from The Invalidity of All Guarantees
I don’t get stuck in the mud. I’m resourceful. I’m much more the Jew than you, heredity be damned. I see the situation as it is, and gird my loins by stretching my legs, sitting down. For instance, here we are plonked under a rotten pear tree in a farmhouse that no longer functions as a means of production except literary work. Not a cow grazing, nor a cock crowing, nor a harvest to bring in. I know I should engage in some market gardening. Cauliflowers. Soon there’ll be a war. But the truth is I only like nature when I’m feeling like a gute German, or trying to get a poem right.
It’s time to move on to where there are people. Cities are a jungle of opportunities. At least they can be broached. Business as usual. And all this fresh air can’t be good for the children. Building up resistance requires a modicum of pollution and human contact. But above all, I can’t bear this silence. It’s like Helli’s when she wants her own way and is saying nothing very loudly. What wouldn’t I give for a Silent Scream.
Don’t start banging that bucket again, Bertolt, or my scream won’t be silent.
Let’s just listen to one another’s breathing. In, out. In, out.
It’s the first and last lesson.
I am being taught to breathe.
It’s not too late to be.
Now teach me how to bleed.
It’s not too late to learn
to draw in air freely.
Now teach me how to burn
my candle to the wick
as slowly as possibly.
I’ve got to learn it quick.
I’m exhaling the fire
flickering out in me.
I’m learning to expire.
The breath of life, the pneuma, is not to be taken lightly. The ancients thought a plethora of pneuma inflames the vital organs, and too little disturbs the spirits. When there was too much, a blood vessel was cut. Once you turned blue it was ligatured, to tie in the soul. This bloodletting left you pale and interesting, a pure spirit, well on the way to becoming disembodied. In your case I think it’s the other way round. You’re in danger of becoming a body without a soul.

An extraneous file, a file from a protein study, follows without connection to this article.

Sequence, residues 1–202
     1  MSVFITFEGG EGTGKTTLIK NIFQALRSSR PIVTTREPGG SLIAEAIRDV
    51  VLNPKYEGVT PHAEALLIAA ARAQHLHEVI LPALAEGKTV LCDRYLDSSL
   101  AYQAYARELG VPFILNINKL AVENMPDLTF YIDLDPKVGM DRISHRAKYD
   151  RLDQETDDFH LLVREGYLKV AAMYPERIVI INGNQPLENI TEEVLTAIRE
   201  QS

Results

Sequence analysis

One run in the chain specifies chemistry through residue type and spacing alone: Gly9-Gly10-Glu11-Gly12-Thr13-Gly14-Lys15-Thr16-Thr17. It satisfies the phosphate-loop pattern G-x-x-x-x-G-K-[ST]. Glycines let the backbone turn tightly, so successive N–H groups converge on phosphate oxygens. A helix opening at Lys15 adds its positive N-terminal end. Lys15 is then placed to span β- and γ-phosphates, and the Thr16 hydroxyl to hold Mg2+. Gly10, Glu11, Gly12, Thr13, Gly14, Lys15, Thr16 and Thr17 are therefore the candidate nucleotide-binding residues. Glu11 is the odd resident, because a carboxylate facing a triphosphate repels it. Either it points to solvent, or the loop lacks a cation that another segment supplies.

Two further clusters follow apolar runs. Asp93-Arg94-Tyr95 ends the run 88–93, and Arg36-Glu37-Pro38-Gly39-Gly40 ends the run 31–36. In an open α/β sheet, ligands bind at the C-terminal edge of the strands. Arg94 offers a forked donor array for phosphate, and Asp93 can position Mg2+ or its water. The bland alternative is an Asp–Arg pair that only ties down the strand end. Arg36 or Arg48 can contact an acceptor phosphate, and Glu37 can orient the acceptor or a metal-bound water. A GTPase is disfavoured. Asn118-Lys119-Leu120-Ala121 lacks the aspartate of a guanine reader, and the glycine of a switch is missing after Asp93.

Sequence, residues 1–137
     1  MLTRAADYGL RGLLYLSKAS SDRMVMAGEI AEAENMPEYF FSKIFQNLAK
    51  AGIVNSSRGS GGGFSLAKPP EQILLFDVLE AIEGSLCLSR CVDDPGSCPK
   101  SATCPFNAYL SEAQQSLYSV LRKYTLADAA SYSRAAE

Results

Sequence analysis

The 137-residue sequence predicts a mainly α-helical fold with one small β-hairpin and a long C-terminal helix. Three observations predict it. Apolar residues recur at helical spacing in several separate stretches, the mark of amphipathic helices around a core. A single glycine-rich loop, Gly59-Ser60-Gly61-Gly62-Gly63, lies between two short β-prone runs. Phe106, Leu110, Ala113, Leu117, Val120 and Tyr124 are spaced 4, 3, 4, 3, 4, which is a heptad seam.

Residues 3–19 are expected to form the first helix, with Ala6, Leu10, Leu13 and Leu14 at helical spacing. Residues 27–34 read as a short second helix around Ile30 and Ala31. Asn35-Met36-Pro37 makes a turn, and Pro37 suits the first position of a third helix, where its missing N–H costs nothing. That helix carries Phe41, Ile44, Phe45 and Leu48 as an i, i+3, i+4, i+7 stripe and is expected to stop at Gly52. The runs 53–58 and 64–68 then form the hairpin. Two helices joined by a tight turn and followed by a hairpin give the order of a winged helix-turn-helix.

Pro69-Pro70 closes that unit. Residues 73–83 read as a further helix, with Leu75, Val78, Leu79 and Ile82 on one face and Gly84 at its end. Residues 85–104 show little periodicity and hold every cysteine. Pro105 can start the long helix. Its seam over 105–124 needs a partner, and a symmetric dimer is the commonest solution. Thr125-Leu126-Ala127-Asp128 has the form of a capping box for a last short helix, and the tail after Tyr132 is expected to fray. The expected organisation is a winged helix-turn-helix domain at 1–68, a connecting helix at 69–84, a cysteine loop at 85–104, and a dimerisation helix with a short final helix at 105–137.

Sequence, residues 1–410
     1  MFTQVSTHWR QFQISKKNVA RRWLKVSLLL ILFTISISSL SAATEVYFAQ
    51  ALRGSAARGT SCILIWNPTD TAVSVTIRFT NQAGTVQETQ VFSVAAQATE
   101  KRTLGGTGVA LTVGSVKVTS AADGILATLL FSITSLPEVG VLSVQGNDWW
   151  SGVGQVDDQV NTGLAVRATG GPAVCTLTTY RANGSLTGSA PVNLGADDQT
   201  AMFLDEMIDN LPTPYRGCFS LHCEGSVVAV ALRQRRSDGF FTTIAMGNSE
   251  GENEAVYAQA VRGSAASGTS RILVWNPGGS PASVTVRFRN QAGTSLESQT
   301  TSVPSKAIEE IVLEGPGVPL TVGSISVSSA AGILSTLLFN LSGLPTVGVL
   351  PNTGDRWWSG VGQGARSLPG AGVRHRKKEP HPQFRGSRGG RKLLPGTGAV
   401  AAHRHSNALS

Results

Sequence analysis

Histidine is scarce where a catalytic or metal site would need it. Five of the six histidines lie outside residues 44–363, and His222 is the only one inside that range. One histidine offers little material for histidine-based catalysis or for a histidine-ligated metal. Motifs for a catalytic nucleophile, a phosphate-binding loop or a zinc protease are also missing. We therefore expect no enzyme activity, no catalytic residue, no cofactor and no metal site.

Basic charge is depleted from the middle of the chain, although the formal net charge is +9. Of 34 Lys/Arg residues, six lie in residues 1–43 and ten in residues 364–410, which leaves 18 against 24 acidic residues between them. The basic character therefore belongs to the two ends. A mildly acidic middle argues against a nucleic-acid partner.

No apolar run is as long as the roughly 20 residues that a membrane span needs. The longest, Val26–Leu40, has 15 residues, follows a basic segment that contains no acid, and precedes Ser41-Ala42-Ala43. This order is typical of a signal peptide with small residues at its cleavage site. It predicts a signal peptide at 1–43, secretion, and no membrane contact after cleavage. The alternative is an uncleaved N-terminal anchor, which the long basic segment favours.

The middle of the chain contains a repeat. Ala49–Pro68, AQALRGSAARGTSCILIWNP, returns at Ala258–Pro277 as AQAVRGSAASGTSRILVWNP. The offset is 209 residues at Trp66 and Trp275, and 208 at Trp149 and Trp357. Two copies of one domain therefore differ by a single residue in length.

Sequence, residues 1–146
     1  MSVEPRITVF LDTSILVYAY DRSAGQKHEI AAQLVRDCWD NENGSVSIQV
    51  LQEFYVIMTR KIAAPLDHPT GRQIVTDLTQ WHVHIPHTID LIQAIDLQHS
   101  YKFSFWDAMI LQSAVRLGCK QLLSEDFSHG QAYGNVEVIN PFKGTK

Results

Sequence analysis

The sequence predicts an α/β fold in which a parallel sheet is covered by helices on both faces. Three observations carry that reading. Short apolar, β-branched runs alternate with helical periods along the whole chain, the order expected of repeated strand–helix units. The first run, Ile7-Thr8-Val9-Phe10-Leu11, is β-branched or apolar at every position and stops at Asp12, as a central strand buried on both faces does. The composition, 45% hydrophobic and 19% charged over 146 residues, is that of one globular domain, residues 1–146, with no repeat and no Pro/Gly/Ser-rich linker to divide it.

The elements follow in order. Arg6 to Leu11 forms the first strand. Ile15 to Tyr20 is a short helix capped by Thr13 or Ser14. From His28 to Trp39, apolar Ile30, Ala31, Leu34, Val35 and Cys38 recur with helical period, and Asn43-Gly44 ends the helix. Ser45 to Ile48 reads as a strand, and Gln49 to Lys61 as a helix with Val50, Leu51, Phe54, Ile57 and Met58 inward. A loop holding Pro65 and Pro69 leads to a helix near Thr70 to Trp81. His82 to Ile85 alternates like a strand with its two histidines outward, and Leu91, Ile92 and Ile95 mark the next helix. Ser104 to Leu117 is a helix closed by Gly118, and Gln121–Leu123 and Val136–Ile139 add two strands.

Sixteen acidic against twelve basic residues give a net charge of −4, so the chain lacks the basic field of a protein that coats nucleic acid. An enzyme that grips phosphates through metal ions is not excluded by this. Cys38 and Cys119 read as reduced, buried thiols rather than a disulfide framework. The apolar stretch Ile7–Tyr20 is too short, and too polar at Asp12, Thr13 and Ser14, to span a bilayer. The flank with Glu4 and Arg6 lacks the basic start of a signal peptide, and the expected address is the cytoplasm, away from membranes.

It’s a long time since anyone concerned themselves about the state of my soul. But if you must know, my soul these days is unquiet. I need to get my breathing right. I’m missing what’s familiar, and what could be more familiar than…
In other words you’re missing your furniture, my bourgeois friend, and you'll need to get over that as it’s not going to follow you. Think of Job. ‘He shall no more return to his house. Neither shall his place know him anymore.’ Why not ‘Gird up your loins like a man’?
I fear I’m still lead by the nose of Conrad’s ‘Love of hope and the dread of uncertain days’. But the hope is disappearing into that yellow drawing by Paul Klee I left behind in Berlin. I don’t suppose I‘ll see it again, even though it’s in my mind’s eye, and blinding me. The Angelus Novus is jaundiced coloured like a poor man’s Golden Calf. Not a false God, but Baudelaire’s gilded idol gone to rust, the saviour self-destructing.
Eyes staring, mouth open, hair on end, wings
outstretched. Face turned to the past. A chain of events, a piling up of
wreckage on wreckage, hurled at his feet. The Neo-Angel would like to hold his
own, stay put, awaken the dead, and make whole what’s been crushed. But a hurricane
is blowing above and around him, catching his wings with such violence they can
no longer take flight. The Neo-Angel has his back to the future he is propelled
into, while the wreckage at his feet mounts like a tip of abandoned cars in a
scrap-yard, skywards. The storm is called Progress.
It’s Holderlin’s fateless gods dancing on the point of extinction, descending into a game of noughts and crosses, being scrambling into nothingness.
A decade later, excited by Roosevelt’s death, Goebbels wrote in his diary, ‘This was the Angel of History. We felt its wings flutter in the room. What we have waited for anxiously has arrived’. Two weeks later, in the Reich Chancellery bunker, he poisoned his six children and imitated his Fuhrer’s mode of exit from the stage with a gunshot to the brain.
In my waking dreams, I see Klee’s Neo-Angel as a starving woman with her hair falling out. I know her, though she’s not a specific woman, but a choir of women disappearing into one another. Those I love or loved. My elective affinities. Other men’s wives and lovers, that I consoled in my fashion. Jula, Hélène Léger, and Dora Sophie, my own wife before I got to know her, and before she got to know somebody else. Your Grete, I admit shyly, though she had no time for me. And not least my little sister Dora, whom I suppose I will never really know. And now she isn’t well. We are, Bertolt, beginning to lose those we love, everywhere. It’s not good for the soul.